In accordance with the present invention, the opposite ends of the cross rails 15 are operatively supported by means of a plurality of retaining members, generally designated by the numeral 27, each of which includes a laterally extending boss portion 28 adapted to be telescopically received within the adjacent end of the associated cross rail 15. Each of the retaining members 27 also includes a flanged end portion 29 adapted to be secured to the interior side section 19 of the associated side rail 13, the flange portions 29 being formed with a suitable aperture 30 and with a laterally outwardly extending locking element 31 having an enlarged head portion 32. Upon assembly of the luggage rack 12 of the present invention, the side rails 13 are assembled onto the associated end sections 22 of the stanchions 14 and the retainer members 27 are arranged adjacent the interior side sections 19 of the rails 13 with the head portions 32 of the locking elements 31 being inserted into the slots S and moved longitudinally therein to a position wherein the apertures 30 are aligned with the apertures 25 and 23 of the associated side rails 13 and stanchions 14. Thereafter, a suitable threaded fastening element, such as a screw, bolt or the like 33, may be inserted through the apertures 25 and be threadably engaged with the aperture 23. The cross rails 15 may then be secured to the retaining members 27 by having the boss portions 28, which are preferably of the complementary configuration with respect to the interior cross sectional shape of the cross rails 15, inserted into the opposite ends thereof, whereupon suitable fastening means, such as locking pins or the like 34, may be inserted through pairs of apertures 35 of each of the cross rails 15 and aligned apertures 36 in the associated boss portion 28. Thereafter, the entire rack 12 may be secured to the roof portion 11 of the vehicle 10 by means of suitable screws, bolts or the like (not shown) which extend through downwardly directed openings 37 and 38 at the opposite ends of the base portion of each of the stanchions 14, as is well known in the art.
One particularly important feature of the present invention resides in the fact that the rack 12 will find universality of application and overcome a serious problem which has existed in prior art luggage racks. In particular, because each luggage rack design is intended to be applicable to a variety of different automobile models and styles, there has heretofore been a problem insofar as the wind noise created due to the wind passing over and around the cross rails 15 which are typically of a tear-drop configuration in transverse cross section. Such wind noise can be reduced or minimized by varying or rotating the cross rails about their longitudinal axes; however, in prior art designs it has been necessary to re-tool the entire stanchion when so modifying the rotational position of the cross rails due to the fact that the boss portions 28 were formed integrally of the stanchions. In the disclosed construction on the other hand, the retainer members 27 are formed separately from the associated stanchions 14 and may have the construction thereof varied considerably in order to modify the rotational position of the cross rails 15 without in any way affecting the construction of the stanchions 14. Thus, significant manufacturing costs are saved. A related advantage of the present invention resides in the fact that the retainer members 27 may be fabricated of a different material from the stanchions 14, such as out of a suitable molded plastic material, as is indicated in FIG. 5.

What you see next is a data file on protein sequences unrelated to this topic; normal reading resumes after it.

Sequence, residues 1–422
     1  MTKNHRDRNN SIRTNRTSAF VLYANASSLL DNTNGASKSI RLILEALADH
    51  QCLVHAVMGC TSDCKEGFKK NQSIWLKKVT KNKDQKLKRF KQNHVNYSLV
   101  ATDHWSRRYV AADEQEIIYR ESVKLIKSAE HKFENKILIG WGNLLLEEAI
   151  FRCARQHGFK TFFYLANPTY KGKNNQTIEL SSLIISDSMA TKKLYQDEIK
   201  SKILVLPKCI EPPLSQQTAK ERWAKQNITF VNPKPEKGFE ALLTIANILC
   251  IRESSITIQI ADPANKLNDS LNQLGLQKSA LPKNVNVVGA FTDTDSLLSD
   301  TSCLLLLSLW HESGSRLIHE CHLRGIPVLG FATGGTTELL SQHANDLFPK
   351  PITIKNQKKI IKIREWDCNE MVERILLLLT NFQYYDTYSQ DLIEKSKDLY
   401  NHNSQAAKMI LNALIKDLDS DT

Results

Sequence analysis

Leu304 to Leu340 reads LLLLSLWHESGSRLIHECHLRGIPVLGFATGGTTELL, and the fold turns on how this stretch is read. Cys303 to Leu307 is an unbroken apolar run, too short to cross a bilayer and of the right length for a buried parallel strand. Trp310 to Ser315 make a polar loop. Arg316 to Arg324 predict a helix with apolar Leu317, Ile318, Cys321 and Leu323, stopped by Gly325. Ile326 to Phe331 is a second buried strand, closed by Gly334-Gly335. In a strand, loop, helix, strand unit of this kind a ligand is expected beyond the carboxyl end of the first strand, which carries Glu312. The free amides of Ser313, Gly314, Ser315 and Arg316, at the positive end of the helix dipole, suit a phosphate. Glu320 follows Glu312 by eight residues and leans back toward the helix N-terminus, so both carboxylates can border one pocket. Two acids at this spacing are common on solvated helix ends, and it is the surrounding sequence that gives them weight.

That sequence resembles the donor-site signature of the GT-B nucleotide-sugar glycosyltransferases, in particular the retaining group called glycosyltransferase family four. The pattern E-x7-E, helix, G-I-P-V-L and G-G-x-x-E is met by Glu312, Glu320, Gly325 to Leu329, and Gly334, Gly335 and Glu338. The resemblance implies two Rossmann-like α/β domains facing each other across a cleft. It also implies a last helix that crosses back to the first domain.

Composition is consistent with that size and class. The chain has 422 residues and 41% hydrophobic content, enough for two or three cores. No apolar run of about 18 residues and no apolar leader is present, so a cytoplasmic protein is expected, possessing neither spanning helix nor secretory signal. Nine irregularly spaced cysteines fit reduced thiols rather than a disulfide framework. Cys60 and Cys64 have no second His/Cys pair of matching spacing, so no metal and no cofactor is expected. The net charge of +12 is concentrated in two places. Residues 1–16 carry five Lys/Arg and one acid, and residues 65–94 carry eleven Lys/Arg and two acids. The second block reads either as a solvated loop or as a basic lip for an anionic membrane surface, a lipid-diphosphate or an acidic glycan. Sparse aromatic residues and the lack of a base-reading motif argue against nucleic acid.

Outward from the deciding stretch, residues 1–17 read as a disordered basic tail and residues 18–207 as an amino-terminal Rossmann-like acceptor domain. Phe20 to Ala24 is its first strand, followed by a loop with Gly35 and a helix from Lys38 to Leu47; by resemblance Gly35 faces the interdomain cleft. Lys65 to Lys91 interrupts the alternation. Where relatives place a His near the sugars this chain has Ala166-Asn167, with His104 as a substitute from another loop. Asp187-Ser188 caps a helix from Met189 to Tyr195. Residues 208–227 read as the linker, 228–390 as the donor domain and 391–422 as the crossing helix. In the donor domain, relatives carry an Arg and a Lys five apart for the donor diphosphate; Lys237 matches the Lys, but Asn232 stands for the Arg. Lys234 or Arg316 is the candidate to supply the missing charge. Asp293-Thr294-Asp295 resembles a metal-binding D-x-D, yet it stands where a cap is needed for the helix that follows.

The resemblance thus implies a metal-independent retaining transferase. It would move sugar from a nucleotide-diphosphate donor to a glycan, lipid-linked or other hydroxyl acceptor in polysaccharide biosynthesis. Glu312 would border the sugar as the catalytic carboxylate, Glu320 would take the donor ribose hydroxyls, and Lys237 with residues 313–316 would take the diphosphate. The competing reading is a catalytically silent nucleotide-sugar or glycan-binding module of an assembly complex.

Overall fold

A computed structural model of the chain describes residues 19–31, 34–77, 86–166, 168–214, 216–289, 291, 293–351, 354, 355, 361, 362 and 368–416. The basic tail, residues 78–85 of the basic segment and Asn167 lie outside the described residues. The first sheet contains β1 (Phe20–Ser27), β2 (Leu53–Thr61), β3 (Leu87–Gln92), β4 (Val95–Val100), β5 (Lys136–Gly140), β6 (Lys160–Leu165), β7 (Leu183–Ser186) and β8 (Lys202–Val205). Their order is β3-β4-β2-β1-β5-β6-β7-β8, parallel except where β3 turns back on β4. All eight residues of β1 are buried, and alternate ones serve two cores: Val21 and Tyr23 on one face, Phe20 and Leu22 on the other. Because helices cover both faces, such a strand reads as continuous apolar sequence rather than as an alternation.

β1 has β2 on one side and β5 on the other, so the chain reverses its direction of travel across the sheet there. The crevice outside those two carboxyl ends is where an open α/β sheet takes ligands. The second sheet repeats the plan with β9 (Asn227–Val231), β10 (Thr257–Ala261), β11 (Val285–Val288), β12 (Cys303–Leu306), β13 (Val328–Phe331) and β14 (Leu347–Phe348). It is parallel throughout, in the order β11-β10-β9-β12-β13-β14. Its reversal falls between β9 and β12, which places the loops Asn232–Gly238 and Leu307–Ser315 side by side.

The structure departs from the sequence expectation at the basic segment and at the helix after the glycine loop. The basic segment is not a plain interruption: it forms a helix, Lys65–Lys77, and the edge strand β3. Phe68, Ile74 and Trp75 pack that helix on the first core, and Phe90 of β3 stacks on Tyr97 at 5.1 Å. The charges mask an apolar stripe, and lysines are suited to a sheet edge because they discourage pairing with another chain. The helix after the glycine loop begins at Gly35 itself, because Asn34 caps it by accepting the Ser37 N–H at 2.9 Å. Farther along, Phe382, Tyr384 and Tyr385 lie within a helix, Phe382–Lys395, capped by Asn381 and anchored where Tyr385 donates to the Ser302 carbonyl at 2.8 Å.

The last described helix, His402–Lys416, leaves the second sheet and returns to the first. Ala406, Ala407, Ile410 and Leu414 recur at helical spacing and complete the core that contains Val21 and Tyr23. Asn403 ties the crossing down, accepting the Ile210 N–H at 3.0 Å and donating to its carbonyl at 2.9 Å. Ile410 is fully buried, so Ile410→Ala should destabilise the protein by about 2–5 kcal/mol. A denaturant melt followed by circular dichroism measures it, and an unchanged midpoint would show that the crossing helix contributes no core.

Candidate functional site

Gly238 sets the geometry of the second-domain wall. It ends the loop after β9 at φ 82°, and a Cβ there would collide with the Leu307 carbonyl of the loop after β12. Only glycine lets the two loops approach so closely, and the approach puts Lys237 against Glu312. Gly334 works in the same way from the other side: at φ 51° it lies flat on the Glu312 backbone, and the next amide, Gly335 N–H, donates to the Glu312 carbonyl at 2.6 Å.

Another feature of the present invention resides in the fact that through the provision of the keyhole slots S and locking elements 31, only a single fastening means is required at each of the four corners of the rack 12 in order to secure the various component parts thereof together. This, of course, will result in important savings in manufacturing costs, as well as in assembly time and effort.
While it will be apparent that the preferred embodiment of the invention disclosed is well calculated to fulfill the objects above stated, it will be appreciated that the invention is susceptible to modification, variation and change without departing from the proper scope or fair meaning of the subjoined claims.
|Cited Patent||Filing date||Publication date||Applicant||Title|
|US3253755 *||Jun 22, 1964||May 31, 1966||Bott John A||Luggage rack|
|US3853254 *||Mar 14, 1973||Dec 10, 1974||Helm F||Automobile top luggage rack|
|GB708776A *||Title not available|
|Citing Patent||Filing date||Publication date||Applicant||Title|
|US4673119 *||Mar 4, 1985||Jun 16, 1987||Bott John Anthony||Vehicle luggage carrier|
|US4811877 *||Feb 26, 1988||Mar 14, 1989||Amco Corporation||Modular luggage carrier with sliding tie-down bracket stabilized against luggage-securing forces|
|US4815643 *||Nov 16, 1987||Mar 28, 1989||Amco Manufacturing Corporation||Modular luggage carrier with sliding tie-down bracket stabilized against luggage securing forces|
|US4826061 *||Oct 26, 1987||May 2, 1989||Amco Manufacturing Corporation||Vehicle luggage carrier with flush tiedown endcap|
|US5069377 *||Dec 10, 1990||Dec 3, 1991||Alton Baughman||Roof rack for vehicles|
|US5170920 *||Feb 15, 1991||Dec 15, 1992||Masco Corporation||Luggage rack|
|US5282560 *||Apr 26, 1993||Feb 1, 1994||Ford Motor Company||Luggage rack with wind noise reducer|
|US5518157 *||Sep 7, 1994||May 21, 1996||Happich Fahrzeug-Dachsysteme Gmbh||Cut off extruded support foot for the end of a railing tube on the roof of a motor vehicle|
|US6010048 *||Jul 9, 1997||Jan 4, 2000||Yakima Products||Roof rack with quick release tower assembly|
|US6305589||Mar 1, 1999||Oct 23, 2001||Industri Ab Thule||Vertically engageable carrier foot|
|US7694635 *||Nov 1, 2006||Apr 13, 2010||Andrew Bernheimer||Modular furniture components and connectors|
|US20060086767 *||Sep 19, 2005||Apr 27, 2006||Sportrack Llc||Stanchion assembly|
|US20080098938 *||Nov 1, 2006||May 1, 2008||Andrew Bernheimer||Modular furniture components and connectors|
|US20080210725 *||Apr 15, 2005||Sep 4, 2008||Thule Automotive Limited||Roof Rail|
|DE3727475A1 *||Aug 18, 1987||Mar 10, 1988||Huron St Clair Co||Gepaecktraeger mit abgehaengter querstange|
|WO2006034304A1 *||Sep 20, 2005||Mar 30, 2006||Sportrack Llc||Stanchion assembly for a vehicle roof rail|
|U.S. Classification||224/309, 224/316, 403/217|
|Cooperative Classification||B60R9/04, Y10T403/44|
|Aug 1, 1994||AS||Assignment|
Owner name: JAC PRODUCTS, INC., MICHIGAN
Free format text: ASSIGNMENT OF ASSIGNORS INTEREST;ASSIGNOR:BOTT, JOHN ANTHONY;REEL/FRAME:007089/0398
Effective date: 19940712
|Aug 3, 1994||AS||Assignment|
Owner name: CHEMICAL BANK, NEW YORK
Free format text: CORRECTIVE COVER SHEET TO CORRECT ASSIGNOR AND ASSIGNEE. SECURITY INTEREST;ASSIGNOR:JAC PRODUCTS,INC.;REEL/FRAME:007090/0181
Effective date: 19940712